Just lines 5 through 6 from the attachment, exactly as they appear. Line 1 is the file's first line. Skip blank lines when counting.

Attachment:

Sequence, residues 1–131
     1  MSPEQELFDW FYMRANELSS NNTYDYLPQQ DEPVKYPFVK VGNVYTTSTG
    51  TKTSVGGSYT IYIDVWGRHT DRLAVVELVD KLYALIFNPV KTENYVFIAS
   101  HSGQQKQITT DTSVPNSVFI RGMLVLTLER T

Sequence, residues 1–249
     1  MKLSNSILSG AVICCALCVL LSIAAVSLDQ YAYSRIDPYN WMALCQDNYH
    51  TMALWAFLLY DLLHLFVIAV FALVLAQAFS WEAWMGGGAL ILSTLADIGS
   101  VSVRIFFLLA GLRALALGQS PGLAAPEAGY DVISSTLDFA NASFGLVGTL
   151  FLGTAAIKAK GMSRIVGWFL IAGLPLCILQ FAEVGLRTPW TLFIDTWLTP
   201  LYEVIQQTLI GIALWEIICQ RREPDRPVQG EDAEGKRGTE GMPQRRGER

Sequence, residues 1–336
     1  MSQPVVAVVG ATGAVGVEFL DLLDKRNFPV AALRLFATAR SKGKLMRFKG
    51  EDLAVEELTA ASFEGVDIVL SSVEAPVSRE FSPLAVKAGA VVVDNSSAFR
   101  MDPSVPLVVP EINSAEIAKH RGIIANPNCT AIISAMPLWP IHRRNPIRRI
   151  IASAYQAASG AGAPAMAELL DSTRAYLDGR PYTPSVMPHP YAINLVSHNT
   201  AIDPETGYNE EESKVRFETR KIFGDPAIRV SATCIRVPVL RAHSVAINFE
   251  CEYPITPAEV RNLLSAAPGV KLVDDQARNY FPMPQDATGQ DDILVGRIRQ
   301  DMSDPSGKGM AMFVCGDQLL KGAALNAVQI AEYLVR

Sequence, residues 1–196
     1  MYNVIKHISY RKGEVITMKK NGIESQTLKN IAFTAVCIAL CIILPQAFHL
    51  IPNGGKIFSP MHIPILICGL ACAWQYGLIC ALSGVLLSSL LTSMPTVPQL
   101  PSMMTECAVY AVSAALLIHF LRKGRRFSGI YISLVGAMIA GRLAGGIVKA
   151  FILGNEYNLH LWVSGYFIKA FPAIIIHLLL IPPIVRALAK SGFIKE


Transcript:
Sequence, residues 1–249
     1  MKLSNSILSG AVICCALCVL LSIAAVSLDQ YAYSRIDPYN WMALCQDNYH